The first horizontal exterior automotive panel to utilize the lightweight sheet is a 9.9-lb, 2-ft-square hood for a British sports car whose projected annual volume is 15,000 units. The hoods are compression molded by BI Composites Ltd. in Cannock, U.K. SuperLite sheet forms the core of a three-layer hybrid structure that includes inner and outer skins with 60% continuous, unidirectional glass fibers. Derived from aerospace prepreg technology, the skins improve strength, creep resistance, and surface appearance. Azdel Inc. uses nip-roll lamination to adhere the skins to the SuperLite core. The result is a resin-rich surface able to hide the glass fibers and produce a Class A finish when painted.
“Our 2-mm-thick hybrid panel increases stiffness and reduces weight by 50% versus steel,” says Mike Birrell, BIC’s business-development director. He says the hybrid skins overcome the drawbacks of injection molding thermoplastic horizontal panels—low creep resistance and visibility of the embedded glass fibers that impairs a Class A finish. The hoods are painted off-line after flame-treating and application of a standard PP primer. They are then clear-coated for high gloss.
Hybrid hoods suffer less damage in impact testing and offer better energy absorption than steel—especially critical to meeting European pedestrian-impact requirements, Birrell says. The hoods’ CTE is uniform and close to steel’s, which makes gap expansion in adjoining panels controllable. Fast delivery and reduced tool cost ($88,000) yields 50% to 75% savings versus tooling for steel or SMC panels.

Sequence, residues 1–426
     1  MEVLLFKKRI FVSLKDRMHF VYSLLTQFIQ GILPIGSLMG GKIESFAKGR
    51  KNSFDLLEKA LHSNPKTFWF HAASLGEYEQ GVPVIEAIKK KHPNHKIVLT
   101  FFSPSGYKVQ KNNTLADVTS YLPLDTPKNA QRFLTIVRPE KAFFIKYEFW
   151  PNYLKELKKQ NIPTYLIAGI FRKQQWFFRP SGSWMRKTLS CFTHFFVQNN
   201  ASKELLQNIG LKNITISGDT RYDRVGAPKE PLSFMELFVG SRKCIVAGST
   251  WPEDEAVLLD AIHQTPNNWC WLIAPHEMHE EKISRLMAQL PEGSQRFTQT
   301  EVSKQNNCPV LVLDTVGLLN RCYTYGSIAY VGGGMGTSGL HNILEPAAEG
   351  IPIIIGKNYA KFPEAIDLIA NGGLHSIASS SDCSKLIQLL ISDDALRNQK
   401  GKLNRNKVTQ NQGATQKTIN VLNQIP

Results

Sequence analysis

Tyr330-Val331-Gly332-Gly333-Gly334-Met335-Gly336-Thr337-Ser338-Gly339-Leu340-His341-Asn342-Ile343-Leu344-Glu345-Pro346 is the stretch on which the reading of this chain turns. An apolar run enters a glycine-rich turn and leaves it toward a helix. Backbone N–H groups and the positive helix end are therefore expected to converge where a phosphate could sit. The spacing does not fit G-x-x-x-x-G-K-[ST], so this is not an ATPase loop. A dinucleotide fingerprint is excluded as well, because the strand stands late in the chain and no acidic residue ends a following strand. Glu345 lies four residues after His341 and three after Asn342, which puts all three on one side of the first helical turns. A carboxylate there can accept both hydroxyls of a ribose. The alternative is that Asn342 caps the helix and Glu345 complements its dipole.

BI Composites’ hood design has been adopted for a second OEM’s 40,000-unit/yr program for a roadster. “It’s cost-effective versus steel for up to 100,000 units/yr,” claims Birrell. In a few years, he expects demand to blossom in roofs, fenders, and hatchback doors that are now steel or SMC.
BI Composites is also using its hybrid structure for non-appearance parts, notably hatchback door liners and under-hood engine covers for the 2004 model Renault Clio. Covers are molded in black; hatchback liners are black but fabric-decorated. Molded-in electrical wiring can be inserted under the skins of hybrid parts.
Expanding the envelope
Injection molded thermoplastics face major deficits in large, horizontal panels in terms of creep resistance and crash resistance, says Paul Bristow, Azdel’s commercial technology director. But he says those issues are addressed with SuperLite, opening up further potential in underbody shields, seats, load floors, and panels for cars and farm, construction, and recreational vehicles.
Azdel is exploring ways to extend the properties of SuperLite composite. One initiative is to replace PP with higher-performing materials. Azloy and Azmat families utilize amorphous (PC, PC/ABS, PC/PBT, and PEI) and semi-crystalline (PET) resins, respectively, to enhance strength and heat resistance. One motive is to allow exterior panels to survive on-line painting with steel.
Ultem SuperLite sheet exhibits excellent flame and smoke performance. It is said to have potential in large structural panels for trains and planes and backings for spas. Also being explored is eliminating paint by adhering decorative films to SuperLite sheets. Azdel Inc. is working with GE Advanced Materials in Pittsfield, Mass., to use GE’s new Lexan SLX PC-copolymer film as formed inserts for back-molding of SuperLite parts with a Class A decorative finish.
Azdel Inc. is investigating twin-sheet thermoforming of SuperLite. Bristow says twin-sheet forming would yield hollow parts amenable to integrated parts like instrument panels incorporating airbag systems and headliners incorporating audio and other entertainment devices.